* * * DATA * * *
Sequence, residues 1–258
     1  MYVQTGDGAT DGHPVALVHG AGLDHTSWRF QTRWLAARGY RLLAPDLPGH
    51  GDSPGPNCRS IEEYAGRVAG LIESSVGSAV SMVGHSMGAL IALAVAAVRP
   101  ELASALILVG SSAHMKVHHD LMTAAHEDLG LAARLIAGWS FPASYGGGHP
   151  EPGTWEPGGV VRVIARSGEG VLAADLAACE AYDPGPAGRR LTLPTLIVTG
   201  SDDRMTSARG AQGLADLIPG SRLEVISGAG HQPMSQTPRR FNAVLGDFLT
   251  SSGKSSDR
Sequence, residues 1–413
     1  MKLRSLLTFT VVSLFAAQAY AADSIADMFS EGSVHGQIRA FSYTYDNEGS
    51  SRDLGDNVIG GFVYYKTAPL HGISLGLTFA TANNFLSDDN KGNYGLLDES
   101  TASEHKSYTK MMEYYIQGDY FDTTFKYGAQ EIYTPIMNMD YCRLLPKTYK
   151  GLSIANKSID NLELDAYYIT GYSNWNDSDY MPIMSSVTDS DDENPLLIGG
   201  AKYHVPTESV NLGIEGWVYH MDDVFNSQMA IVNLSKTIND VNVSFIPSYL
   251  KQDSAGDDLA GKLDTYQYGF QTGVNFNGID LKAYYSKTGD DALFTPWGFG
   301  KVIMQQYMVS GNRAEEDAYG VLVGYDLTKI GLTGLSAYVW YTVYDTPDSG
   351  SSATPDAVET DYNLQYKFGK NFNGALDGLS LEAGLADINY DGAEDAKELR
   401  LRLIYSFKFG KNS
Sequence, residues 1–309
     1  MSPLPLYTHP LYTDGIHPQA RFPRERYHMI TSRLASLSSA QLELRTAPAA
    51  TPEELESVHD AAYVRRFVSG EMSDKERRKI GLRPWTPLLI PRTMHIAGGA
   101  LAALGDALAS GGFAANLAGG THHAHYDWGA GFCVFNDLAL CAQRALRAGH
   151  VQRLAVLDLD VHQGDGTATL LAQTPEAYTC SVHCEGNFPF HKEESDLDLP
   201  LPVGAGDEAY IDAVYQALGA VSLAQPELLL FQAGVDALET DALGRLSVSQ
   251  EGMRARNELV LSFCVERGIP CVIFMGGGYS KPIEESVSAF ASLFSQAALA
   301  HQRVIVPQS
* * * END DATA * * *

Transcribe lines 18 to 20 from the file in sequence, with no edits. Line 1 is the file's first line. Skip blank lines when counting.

Sequence, residues 1–309
     1  MSPLPLYTHP LYTDGIHPQA RFPRERYHMI TSRLASLSSA QLELRTAPAA
    51  TPEELESVHD AAYVRRFVSG EMSDKERRKI GLRPWTPLLI PRTMHIAGGA